Savannah rejects a project because it uses GPL

MJ Ray mjr at
Fri Feb 10 18:59:31 UTC 2006

"Alfred M\. Szmidt" <ams at>

> It is usable for free software.  The GFDL has no `advertising clause',

So what would you call the expanded "credit" clause that
seeks to entice legacy publishers to use FDL rather than
a free software licence?

> and has no `encyclopedia' problems,

How could one include parts from the FDL'd Emacs manual in a FDL'd
"Encyclopedia of GNU"? It looks like one must beg FSF's permission,
as relying on a "fair dealing" defence would limit uses.

Rick Moen at TLDP raised this issue in 2004, in
and I'm pretty sure that wasn't the first time it's been raised.

> for some odd reason Wikipedia seems to thrive on the GFDL.

I don't think that's a good example. Even today, many
sites seem to ignore the FDL's terms when modifying
Wikipedia and the Wikipedia FDL story includes questionable
relicensing to remove invariant sections. See near the end of by
Barak Pearlmutter: "In that case the GFDL served to discourage
sharing.  (It nearly prevented it entirely, had remedial measures
of dubious legality not been taken.) [...] The Wikipedia used
the GFDL because it was recommended by the FSF.  They used it
in its natural way.  And then they got burnt."

While arbitrary relicensing is possible if you can claim to be
the copyright holder, like FSF and Wikipedia seem to, it's not
an option open to those who follow in our footsteps.

> There are no restrictions on how you can
> modify a GFDLed manual, the invariant sections are not part of the
> main manual.

So you claim only the manual is freely modifiable (not the invariant
sections), but the manual can't exist without the invariants.  Is
any work which cannot be instantiated in an "all reasonable mods
permitted" way ever free? (This is the "pickle-passing" question
from debian-legal July 2003.)

> The GFDL is perfectly usable for free software, despite your claims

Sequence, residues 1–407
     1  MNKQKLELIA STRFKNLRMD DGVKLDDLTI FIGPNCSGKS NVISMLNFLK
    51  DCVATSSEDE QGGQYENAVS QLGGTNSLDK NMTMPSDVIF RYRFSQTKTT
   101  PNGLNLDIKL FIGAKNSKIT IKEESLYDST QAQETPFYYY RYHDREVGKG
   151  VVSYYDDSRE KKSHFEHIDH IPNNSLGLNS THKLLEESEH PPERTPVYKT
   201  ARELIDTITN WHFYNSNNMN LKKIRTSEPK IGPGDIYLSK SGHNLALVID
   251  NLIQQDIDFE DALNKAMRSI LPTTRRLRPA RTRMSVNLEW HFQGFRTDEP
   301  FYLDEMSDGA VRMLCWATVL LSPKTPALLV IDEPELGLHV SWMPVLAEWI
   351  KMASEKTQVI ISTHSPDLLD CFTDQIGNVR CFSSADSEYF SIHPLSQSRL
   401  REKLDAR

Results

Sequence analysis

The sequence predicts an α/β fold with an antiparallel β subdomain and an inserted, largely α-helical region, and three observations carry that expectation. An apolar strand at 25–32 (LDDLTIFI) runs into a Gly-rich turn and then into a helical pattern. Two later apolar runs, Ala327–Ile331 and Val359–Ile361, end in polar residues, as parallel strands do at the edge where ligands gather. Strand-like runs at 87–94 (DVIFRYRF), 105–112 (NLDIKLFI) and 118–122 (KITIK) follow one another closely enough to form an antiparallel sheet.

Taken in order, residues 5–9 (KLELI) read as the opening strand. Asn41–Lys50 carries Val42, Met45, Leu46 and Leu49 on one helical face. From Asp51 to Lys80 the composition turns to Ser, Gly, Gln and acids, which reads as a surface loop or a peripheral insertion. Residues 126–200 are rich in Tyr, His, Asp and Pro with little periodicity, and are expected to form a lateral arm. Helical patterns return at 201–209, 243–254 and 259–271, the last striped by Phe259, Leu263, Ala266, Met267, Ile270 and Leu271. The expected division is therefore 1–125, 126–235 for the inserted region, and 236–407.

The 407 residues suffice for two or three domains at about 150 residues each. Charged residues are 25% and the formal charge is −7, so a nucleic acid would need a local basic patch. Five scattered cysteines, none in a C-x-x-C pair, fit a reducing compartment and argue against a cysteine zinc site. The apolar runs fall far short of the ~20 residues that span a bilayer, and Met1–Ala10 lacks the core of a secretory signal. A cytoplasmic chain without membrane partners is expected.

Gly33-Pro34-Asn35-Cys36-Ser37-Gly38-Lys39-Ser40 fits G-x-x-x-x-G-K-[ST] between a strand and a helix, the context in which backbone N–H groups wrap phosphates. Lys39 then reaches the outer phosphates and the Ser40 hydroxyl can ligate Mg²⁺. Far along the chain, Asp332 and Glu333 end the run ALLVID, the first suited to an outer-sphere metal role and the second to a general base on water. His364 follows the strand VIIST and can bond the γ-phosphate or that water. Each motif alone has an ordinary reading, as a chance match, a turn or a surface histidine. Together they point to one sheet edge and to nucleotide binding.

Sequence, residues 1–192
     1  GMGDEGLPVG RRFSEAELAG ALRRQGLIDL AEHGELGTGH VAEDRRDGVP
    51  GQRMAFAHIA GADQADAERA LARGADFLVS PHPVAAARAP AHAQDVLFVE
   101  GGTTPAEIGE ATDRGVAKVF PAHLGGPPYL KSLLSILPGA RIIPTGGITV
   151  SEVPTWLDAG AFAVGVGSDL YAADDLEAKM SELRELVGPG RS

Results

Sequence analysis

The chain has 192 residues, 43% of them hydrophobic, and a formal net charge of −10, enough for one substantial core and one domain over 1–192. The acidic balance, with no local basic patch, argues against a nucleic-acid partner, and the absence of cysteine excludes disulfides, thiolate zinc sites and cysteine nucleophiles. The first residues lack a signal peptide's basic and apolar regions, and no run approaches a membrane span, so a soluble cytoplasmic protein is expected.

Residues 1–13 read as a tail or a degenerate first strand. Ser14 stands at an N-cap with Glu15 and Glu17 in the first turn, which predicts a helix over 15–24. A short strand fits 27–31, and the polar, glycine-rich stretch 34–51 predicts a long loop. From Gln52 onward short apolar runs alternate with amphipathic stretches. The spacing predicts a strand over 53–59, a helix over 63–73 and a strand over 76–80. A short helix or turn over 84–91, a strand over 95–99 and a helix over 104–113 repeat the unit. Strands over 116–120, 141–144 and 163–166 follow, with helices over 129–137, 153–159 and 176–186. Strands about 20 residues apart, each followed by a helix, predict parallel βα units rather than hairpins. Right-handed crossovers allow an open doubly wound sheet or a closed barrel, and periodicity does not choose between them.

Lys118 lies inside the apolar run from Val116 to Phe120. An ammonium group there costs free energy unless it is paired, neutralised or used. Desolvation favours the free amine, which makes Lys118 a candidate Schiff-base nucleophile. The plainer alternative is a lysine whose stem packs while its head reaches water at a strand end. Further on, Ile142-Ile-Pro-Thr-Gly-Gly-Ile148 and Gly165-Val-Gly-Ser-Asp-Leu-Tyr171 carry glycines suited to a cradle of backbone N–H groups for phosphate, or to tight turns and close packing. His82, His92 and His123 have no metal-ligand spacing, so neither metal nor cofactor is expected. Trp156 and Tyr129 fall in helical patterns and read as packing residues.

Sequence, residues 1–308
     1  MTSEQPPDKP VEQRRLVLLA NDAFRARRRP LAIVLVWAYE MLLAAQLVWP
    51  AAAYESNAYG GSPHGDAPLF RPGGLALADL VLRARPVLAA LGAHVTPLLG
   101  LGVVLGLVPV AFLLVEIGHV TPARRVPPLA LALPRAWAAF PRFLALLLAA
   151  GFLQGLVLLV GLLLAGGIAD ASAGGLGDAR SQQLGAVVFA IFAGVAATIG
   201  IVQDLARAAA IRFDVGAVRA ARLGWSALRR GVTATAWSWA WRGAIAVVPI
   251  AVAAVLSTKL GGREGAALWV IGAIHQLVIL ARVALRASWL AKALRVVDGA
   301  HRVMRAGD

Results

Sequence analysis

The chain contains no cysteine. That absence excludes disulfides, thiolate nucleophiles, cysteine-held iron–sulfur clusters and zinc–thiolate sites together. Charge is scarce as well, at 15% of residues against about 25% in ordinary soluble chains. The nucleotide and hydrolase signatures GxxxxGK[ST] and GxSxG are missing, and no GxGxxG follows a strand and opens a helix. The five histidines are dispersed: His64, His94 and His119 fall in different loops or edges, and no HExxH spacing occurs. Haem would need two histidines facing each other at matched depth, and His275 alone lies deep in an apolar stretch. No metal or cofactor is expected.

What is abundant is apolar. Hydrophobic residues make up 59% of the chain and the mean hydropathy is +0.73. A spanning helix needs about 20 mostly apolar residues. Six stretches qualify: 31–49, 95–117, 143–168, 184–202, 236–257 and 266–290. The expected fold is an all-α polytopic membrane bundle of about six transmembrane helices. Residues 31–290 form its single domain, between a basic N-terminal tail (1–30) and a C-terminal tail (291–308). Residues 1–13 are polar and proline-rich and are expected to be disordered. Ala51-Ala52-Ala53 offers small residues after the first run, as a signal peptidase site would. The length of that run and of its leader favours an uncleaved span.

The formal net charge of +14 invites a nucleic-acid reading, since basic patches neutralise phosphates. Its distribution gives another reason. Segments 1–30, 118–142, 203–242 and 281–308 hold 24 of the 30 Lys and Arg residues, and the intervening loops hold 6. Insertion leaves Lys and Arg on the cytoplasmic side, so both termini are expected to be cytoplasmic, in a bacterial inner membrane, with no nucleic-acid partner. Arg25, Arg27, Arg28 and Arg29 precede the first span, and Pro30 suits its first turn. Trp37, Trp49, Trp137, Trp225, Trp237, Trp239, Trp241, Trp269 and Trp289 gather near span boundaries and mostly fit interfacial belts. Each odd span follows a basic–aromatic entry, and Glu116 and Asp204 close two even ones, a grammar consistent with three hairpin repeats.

> which you cannot even back up.

Sadly, I can back these up. I called the FDL incorrectly on
day one, had this explained to me in excrutiating detail
(I'm stubborn) and noted my reasons for changing my view.
Because of the sheer volume of material, there are numerous
FAQs that you could read, but I'll try to answer as time
permits if you're unwilling to research it.

> >  > Classifying all licenses as `free' or `not-free' is like saying
> >  > `Intellecutal property', it can mean anything, and it can mean
> >  > nothing.
> >  Actually, I agree with this, including the consequence that your
> >  claim FDL "is a free license" means nothing.
> That doesn't follow.  The GFDL is a _particular_ license, which is
> free.  Classifying _all_ licenses as free or not free is what makes no
> sense.

Now I'm confused. No-one is seeking to classify _all_ licences.

> >  Since the FDL, that just confuses some people who should be
> >  supporting debian and I try to discourage it.
> Considering the problems with Debian and the inclusion of non-free
> software, one shouldn't support it.  Better to support 100% free
> systems like UTUTO-e.

UTUTO-e has included non-free software programs in error (such
as Macromedia Flash and Sun Java - sadly
has vanished) and still includes non-free software manuals.
By design, it's not a 100% free software distribution.
I can't check their current status, as their bug tracker now
requires a username and password.
Debian doesn't include non-free software in the distribution,
promises not to and whenever it happens, that's a serious bug.
The debian bug tracker doesn't require passwords for most use.

Hope that persuades someone to consider debian,
MJ Ray - personal email, see
Work:  Jabber/SIP ask

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